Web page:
e. evidence a nuanced ability to consider empirical research questions in organizational and management studies, so they may

f. better understand empirical literature, with a view to improving critical reading ability, in order to g. suggest appropriate quantitative methods to address any range of research questions.

Lecture plan
Charles Tackney = CT; Manuele Citi = MC; Jan Michael Bauer = JMB

Time/period

Faculty

Title

  Readings

25 May

11.00 - 13.00

CT

Session 1: An Overview of the place of quantitative studies in general empirical method

L (2005)

25 May

14:00 - 15.30

MC

Session 2: Introduction to Stata, descriptive statistics and graphs.    

M&J (2017) Ch:1; 2.1-2.4.

25 May

15.45 - 17.00

MC

Session 3: Estimation and interpretation of descriptive statistics – hands on session

 

26 May

09.00 - 10.30

CT

Session 4: Testing differences (e.g., t-tests)

M&J (2017) Ch: 2.5

26 May

10.45 - 12.15

MC

Session 5: Estimation and interpretation of testing differences (e.g., t-tests) – hands on session

 

26 May

13.15-15.00

MC

Session 6: Explanation, estimation and interpretation of bivariate relationships: scatterplots and correlation analysis

A (2008)

26 May

15.30 - 17.30

JMB

Session 7: Data handling in Stata - hands on session

 

27 May

09.00 – 10.30

JMB

Session 8: Regression analysis - OLS basics & bivariate

M&J (2017) Ch: 3

27 May

10.45 – 12.15

JMB

Session 9: Explanation of regression analysis - OLS multivariate & moderation effects

M&J (2017) Ch: 4, 5, 6

27 May

13.15 – 15.00

JMB

Session 10: Estimation and interpretation of regression analyses – hands on session

 

27 May

15.30 – 17.00

JMB

Session 11: A Session of review and remediation

 

2-days add-on

 

28 May

09.00: - 10.30

JMB

Session 12: OLS assumptions and extended methods

M&J (2017) Ch: 7, 9, 13

28 May

10.45 -12.15

CT, JMB, MC

Session 13: Class discussion and/or individual sessions on the application of quantitative methods to individual research questions

 

28 May

13.15 – 15.00

JMB

Session 14: Advanced regression models - limited dependent variables (logit), multilevel analyses

M&J (2017) Ch: 8, 9, 10

28 May

15.30 – 17.00

JMB, MC

Session 15 Groups challenge 1: Apply methods to answer a specific research question

 

29 May

09.00 – 10.30

JMB, MC

Session 16: Groups challenge 2: Finish research case and present results

 

29 May

10.45 – 12.15

JMB

Session 17: Critical discussion about statistical analyses: Robustness, Biases, and Errors.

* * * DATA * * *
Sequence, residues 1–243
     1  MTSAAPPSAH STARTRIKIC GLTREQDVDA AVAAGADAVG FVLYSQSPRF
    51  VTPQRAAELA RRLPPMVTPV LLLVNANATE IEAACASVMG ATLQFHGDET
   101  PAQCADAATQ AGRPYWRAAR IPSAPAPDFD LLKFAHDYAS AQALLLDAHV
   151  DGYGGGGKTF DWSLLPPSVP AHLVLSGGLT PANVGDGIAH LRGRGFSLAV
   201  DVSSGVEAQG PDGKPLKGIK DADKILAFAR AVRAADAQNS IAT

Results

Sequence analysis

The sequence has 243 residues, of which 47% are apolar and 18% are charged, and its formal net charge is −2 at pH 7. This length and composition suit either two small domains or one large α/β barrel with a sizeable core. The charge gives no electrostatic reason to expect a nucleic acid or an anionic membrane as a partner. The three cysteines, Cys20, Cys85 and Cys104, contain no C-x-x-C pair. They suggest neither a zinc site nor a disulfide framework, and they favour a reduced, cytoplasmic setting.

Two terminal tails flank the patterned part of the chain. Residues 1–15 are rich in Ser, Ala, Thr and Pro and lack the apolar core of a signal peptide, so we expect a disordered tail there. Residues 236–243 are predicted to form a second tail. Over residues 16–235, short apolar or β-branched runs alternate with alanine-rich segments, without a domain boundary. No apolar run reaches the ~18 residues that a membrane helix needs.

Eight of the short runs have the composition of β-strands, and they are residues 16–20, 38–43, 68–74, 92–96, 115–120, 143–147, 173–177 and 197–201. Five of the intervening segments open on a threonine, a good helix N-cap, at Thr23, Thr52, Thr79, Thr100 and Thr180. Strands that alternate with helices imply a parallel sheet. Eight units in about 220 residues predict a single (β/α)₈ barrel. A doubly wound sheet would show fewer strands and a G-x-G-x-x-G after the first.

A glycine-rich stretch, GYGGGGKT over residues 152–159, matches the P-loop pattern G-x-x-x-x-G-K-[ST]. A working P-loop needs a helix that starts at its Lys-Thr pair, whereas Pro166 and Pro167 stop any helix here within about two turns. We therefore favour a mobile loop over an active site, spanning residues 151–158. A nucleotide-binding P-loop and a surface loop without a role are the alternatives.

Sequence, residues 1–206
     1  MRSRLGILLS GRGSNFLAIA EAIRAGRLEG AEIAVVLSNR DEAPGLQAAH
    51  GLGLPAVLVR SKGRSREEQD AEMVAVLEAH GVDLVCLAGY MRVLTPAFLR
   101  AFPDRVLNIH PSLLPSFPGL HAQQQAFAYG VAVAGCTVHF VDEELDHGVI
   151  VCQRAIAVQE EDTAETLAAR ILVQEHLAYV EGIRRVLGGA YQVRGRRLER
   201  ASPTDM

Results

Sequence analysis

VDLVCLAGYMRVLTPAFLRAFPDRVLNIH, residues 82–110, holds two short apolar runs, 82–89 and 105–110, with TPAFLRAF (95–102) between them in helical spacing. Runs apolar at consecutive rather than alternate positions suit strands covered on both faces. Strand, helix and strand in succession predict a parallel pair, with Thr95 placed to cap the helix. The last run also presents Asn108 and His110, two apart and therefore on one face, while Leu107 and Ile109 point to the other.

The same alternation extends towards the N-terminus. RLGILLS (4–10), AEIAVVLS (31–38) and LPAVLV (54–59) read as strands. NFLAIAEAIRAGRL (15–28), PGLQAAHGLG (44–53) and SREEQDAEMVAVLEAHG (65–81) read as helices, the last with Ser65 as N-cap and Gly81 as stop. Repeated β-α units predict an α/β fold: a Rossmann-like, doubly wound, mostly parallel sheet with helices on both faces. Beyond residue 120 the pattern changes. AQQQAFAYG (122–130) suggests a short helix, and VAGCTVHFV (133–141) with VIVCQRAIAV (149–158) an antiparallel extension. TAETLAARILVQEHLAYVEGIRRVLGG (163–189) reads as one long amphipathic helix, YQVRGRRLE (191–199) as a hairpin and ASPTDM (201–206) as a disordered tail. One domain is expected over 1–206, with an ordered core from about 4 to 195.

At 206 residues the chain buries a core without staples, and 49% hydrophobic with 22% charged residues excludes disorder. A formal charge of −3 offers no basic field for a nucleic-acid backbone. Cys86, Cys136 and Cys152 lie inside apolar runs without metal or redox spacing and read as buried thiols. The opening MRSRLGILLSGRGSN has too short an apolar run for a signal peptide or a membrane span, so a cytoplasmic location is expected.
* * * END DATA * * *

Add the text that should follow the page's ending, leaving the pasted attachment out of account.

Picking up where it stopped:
(G 2017), (G 2018),
(I 2014),
(A+ 2019), (W+ 2019)

29 May

13.15 – 15.00

CT, JMB, MC

Session 18: Presenting findings in a publishable regression table – hands on session. Class discussions on the application of quantitative methods to individual research questions. Evaluation of the course

 

Course literature

  • (A 2008) - Acock, Alan (2008). A Gentle Introduction to Stata. College Station: Stata Press. Pp. 189-206, 211-212.

  • (A+ 2019) - Amrhein et al. (2019) Scientists rise up against statistical significance. Available at: https://www.nature.com/articles/d41586-019-00857-9

  • < >G 2017) - Gelman, Andrew (2017). Ethics and Statistics: Honesty and Transparency Are Not Enough. CHANCE, 30(1).

    (G 2018) - Gelman, Andrew (2018). The Failure of Null Hypothesis Significance Testing When Studying Incremental Changes, and What to Do About It. Personality and Social Psychology Bulletin, 44 (1).

  • (I 2014) - Ioannidis, John (2014). How to Make More Published Research True. PLoS Medicine, 11(10).

  • (L 2005) - Lonergan, Bernard J.F. (2005). Preface, pp. 3-9, Chapter 1, Elements, pp. 27- 31, and pp. 126-139 on the complementarity of classical and statistical heuristic structures. Insight: a Study of Human Understanding. Volume 3 of the Collected Works of Bernard Lonergan, (Frederik E. Crowe and Robert M. Doran, Eds.). Toronto: University of Toronto Press.

  • (M&J 2017) - Mehmetoglu, Mehmet & Jakobsen, Tor Georg (2017). Applied Statistics using Stata – A Guide for the Social Sciences. SAGE, London

  • (W+ 2019) - Wasserstein, Ronald L., Schirm, Allen L.  & Lazar, Nicole A. (2019) Moving to a World Beyond “p < 0.05”, The American Statistician, 73:sup1, 1-19, 

Other readings as suggested by the doctoral student skills and interests assessment survey.

Recommended literature
Greene, W.H. (2011). Econometric Analysis, 7th edition, Prentice Hall.

Wooldridge, J.M. (2008), “Introductory Econometrics: A Modern Approach, Thomson South- Western, 4th edition.

Weiers, R. (2007), “Introduction to Business Statistics,” Cengage Learning Services

Baum, C. (2006). An introduction to modern econometrics using Stata. College Station, TX: Stata Press.